But the feeling that Brabbs felt walking to his triumphant field goal, “a peace beyond understanding” as he described it, has stuck with him six years later — when he needed it most.

A bigger burden

Brabbs was visiting his family in 2006 when he first noticed something was wrong.

Several nights in a row, he woke up dripping in a cold sweat and complaining of sharp pains in his chest. Doctors at St. Joseph’s Hospital in Ypsilanti diagnosed Brabbs with a pulmonary embolism, a blockage of the main artery of the lung, and doctors put him on a blood thinner.

After moving back to Ann Arbor from his home in North Carolina and stopping his blood thinner treatment, Brabbs’ health issues continued with blood clots, first in his right leg and then in his left.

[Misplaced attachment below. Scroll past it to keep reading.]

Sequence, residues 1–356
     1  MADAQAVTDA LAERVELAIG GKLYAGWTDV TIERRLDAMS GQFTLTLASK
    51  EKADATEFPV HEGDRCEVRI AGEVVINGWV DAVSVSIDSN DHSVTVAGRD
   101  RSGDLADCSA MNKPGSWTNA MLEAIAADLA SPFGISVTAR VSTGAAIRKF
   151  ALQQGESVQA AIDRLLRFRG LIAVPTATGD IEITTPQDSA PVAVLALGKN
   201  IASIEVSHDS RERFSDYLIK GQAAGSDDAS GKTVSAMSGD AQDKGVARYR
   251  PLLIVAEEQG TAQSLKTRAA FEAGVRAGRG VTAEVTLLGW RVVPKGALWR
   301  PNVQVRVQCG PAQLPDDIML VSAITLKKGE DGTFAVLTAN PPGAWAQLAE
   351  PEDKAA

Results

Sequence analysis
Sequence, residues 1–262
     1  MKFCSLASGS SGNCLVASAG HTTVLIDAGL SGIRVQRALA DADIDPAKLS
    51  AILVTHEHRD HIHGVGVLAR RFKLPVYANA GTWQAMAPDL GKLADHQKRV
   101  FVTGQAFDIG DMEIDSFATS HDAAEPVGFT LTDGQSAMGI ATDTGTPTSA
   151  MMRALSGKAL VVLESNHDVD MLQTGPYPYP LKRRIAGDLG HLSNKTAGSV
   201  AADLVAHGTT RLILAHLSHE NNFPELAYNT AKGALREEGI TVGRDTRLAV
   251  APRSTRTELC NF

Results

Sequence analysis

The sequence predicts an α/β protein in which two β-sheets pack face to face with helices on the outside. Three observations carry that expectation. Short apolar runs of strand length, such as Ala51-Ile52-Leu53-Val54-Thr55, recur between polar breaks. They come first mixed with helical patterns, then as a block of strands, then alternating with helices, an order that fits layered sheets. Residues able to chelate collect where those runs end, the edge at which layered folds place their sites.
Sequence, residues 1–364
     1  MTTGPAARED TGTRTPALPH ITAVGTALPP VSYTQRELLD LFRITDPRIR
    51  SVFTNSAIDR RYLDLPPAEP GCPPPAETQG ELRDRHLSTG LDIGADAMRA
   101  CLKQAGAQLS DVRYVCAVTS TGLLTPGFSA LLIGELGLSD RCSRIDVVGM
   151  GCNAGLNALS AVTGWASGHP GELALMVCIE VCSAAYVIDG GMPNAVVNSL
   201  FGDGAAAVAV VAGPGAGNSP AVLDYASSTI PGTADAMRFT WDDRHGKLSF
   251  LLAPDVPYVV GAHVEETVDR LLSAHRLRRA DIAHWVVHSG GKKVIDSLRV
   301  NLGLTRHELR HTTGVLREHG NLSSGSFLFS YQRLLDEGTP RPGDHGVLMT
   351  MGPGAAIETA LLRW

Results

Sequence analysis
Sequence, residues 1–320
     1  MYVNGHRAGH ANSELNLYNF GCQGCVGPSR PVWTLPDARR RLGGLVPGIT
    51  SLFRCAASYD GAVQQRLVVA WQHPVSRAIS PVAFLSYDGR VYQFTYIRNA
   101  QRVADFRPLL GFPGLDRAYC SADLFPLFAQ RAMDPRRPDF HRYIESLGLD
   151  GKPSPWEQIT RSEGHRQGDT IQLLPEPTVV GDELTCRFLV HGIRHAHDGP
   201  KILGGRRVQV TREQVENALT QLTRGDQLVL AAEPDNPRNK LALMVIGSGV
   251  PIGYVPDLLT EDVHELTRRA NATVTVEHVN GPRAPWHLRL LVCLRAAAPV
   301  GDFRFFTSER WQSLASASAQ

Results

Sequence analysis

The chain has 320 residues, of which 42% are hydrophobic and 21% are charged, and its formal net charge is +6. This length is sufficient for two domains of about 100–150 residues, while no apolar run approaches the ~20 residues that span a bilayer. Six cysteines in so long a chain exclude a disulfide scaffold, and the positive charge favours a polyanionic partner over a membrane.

“I’m thinking, ‘I’m in the best shape of my life, why am I having all of these health issues?’ ” he said.

Results revealed that his total protein level was elevated, so Brabbs and his family went to Little Rock, Ark. for a myriad tests that would hopefully diagnose his recent influx of health issues.

But months of examinations and reassurance from doctors that he shouldn’t be concerned were proved wrong — his diagnosis was more serious than anyone had anticipated.

Brabbs was diagnosed with multiple myeloma, a cancer of the white blood cells, which is almost unheard of in adults his age. And since the disease affects the blood and not a specific part of the body, Brabbs learned he would have to deal with the illness for the rest of his life.